There is fine line between citizen to citizen help and being annoying busybody. Police is probably worst agency to start to play around that line and risk crossing. They are body trained and organized to enforce order, essentially by force.

  71. Warren August 1, 2014 at 11:11 am #

    E
    first off he was not at the pool. He stopped by the pool.
    Lifeguards most certainly have uniforms, especially when off deck. Been there done that.
    Also since when has stopping on your way somewhere been cause for concern?
    By your standards every kid out and about should be stopped and questioned.
    In this case there was no reasonable cues for anyone to intervene. The only risk posed was from the idiots that intervened. Their actions are the ones that should be called up for judgment, not the mother.

  72. Andy August 1, 2014 at 11:11 am #

    @E All that segment proves is that the boy was not going there for the first time. Mom decided that boy is mature enough to go alone to playground, so she is likely to allow him to go multiple times.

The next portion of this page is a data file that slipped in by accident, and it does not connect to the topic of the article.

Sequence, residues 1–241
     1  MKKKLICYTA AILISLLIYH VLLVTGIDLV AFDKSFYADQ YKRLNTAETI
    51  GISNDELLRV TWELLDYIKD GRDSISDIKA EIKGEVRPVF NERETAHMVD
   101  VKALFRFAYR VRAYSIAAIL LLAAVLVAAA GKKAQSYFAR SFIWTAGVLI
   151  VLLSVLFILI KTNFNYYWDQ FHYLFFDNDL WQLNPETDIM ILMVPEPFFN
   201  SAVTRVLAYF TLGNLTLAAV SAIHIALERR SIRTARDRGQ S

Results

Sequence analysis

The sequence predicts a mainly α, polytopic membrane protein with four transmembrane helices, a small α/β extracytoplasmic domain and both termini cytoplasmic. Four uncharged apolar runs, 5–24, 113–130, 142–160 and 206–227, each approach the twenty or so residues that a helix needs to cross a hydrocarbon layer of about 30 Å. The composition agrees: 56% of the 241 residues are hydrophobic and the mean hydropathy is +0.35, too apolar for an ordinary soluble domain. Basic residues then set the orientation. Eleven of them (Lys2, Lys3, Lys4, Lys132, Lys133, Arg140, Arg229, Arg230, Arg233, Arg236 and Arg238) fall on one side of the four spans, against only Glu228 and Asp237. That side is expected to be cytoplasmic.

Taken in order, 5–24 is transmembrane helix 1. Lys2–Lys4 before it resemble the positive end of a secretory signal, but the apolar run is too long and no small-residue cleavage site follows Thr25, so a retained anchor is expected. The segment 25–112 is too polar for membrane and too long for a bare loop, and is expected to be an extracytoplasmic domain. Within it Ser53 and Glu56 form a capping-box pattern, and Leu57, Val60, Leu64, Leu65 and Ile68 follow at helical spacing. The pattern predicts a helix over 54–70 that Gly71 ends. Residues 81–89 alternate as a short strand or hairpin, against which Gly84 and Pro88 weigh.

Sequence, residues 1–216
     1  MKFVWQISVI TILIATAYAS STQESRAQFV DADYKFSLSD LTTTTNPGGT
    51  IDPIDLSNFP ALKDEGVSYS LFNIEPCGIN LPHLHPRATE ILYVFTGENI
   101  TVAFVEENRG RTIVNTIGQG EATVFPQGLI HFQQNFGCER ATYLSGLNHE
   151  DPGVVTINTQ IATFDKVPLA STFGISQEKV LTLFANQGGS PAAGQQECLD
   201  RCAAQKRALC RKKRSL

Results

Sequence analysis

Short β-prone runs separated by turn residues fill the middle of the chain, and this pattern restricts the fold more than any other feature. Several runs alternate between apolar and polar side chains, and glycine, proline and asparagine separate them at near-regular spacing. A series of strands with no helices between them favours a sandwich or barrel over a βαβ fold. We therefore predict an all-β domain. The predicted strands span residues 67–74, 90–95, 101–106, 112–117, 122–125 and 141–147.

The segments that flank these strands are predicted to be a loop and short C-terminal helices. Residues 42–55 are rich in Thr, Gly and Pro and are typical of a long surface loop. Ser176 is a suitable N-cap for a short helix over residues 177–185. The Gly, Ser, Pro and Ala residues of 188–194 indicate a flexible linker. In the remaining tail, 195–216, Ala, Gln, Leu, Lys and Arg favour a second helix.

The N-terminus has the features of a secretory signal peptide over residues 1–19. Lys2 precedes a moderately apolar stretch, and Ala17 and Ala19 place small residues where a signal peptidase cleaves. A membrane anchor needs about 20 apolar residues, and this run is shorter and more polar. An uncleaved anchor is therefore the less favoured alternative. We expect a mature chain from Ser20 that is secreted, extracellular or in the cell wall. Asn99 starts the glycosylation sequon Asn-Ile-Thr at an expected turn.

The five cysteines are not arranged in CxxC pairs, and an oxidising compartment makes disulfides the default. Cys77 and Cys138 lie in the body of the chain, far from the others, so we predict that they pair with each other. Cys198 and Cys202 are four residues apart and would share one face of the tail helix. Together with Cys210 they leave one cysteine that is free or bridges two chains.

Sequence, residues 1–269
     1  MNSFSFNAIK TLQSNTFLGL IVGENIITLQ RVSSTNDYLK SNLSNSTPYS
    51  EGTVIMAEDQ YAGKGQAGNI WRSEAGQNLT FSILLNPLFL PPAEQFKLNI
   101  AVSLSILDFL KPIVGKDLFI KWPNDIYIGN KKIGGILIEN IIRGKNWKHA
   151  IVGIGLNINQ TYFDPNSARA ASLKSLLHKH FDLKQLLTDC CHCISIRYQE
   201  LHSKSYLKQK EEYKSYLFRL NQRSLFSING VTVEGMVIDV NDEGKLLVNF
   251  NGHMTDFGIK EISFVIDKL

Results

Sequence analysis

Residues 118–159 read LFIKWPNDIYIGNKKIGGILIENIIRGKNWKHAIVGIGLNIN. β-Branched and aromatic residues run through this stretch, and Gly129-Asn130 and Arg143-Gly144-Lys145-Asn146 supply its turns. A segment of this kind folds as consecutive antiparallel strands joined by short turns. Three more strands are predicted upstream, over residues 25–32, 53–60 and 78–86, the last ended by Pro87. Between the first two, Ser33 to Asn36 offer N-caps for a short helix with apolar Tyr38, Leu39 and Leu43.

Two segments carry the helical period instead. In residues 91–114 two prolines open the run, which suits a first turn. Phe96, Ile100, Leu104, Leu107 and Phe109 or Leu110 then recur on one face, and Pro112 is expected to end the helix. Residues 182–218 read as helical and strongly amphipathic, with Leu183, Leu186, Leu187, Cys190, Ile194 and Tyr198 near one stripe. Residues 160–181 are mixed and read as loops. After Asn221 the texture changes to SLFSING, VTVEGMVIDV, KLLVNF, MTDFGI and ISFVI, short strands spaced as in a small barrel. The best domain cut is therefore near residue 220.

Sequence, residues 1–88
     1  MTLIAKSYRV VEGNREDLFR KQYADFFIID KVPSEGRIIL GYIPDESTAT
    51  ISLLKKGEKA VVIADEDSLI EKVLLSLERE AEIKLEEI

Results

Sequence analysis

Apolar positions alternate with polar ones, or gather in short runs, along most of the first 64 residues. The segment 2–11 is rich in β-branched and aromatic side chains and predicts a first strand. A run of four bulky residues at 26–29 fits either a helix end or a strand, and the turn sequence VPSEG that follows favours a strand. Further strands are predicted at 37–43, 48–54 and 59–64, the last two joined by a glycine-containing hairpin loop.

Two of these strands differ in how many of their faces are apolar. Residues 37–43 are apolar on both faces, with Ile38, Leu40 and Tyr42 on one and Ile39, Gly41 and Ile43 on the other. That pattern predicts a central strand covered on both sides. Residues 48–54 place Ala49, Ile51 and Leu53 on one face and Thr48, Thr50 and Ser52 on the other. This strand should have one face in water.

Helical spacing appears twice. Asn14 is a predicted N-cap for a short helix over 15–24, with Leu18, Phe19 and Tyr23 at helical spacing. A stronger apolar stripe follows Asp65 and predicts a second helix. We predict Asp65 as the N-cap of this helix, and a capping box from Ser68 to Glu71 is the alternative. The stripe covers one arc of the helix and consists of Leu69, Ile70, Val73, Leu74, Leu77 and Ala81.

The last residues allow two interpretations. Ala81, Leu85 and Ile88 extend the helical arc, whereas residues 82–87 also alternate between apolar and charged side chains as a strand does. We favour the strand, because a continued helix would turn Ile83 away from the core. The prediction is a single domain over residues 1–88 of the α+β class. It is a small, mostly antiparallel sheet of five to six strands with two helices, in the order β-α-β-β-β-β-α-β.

And I’m not sure why Lifeguard written on t-shirt should fill the boy with trust and compel him to answer all the questions. Or is relevant to anything. That was a stranger in stranger danger country and it is quite possible boy already listened to quite a few lectures about not talking to them.

    Running through six-lane was not smartest thing to do through. Running away when the kid feels suspicious is smart action to do when you are seven years old.

  73. anonymous mom August 1, 2014 at 11:17 am #

    @Dirk, I see you are at cutting and pasting again.

    Of COURSE most stat rape victims are 14 and 15. 16 is the age of consent in most states. And, sex with those 13 and under (or in some places, under 13) are not considered statutory. Nobody who molests a 10 year old is going to get a statutory charge. Statutory offenses tend only to apply to post-pubescent teens under the age of consent, which in most states only applies to 14 and 15 year olds.